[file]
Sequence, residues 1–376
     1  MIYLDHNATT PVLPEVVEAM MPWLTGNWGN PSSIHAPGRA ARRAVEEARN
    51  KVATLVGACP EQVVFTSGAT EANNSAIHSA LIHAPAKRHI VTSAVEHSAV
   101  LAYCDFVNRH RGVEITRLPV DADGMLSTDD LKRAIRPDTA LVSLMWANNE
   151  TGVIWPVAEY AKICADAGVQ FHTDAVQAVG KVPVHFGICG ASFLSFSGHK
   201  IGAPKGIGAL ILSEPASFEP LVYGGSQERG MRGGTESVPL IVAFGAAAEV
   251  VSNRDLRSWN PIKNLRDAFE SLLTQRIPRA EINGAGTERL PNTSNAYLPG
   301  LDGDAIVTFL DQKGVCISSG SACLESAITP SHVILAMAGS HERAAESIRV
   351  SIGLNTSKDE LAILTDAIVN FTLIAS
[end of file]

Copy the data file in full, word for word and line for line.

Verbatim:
Sequence, residues 1–376
     1  MIYLDHNATT PVLPEVVEAM MPWLTGNWGN PSSIHAPGRA ARRAVEEARN
    51  KVATLVGACP EQVVFTSGAT EANNSAIHSA LIHAPAKRHI VTSAVEHSAV
   101  LAYCDFVNRH RGVEITRLPV DADGMLSTDD LKRAIRPDTA LVSLMWANNE
   151  TGVIWPVAEY AKICADAGVQ FHTDAVQAVG KVPVHFGICG ASFLSFSGHK
   201  IGAPKGIGAL ILSEPASFEP LVYGGSQERG MRGGTESVPL IVAFGAAAEV
   251  VSNRDLRSWN PIKNLRDAFE SLLTQRIPRA EINGAGTERL PNTSNAYLPG
   301  LDGDAIVTFL DQKGVCISSG SACLESAITP SHVILAMAGS HERAAESIRV
   351  SIGLNTSKDE LAILTDAIVN FTLIAS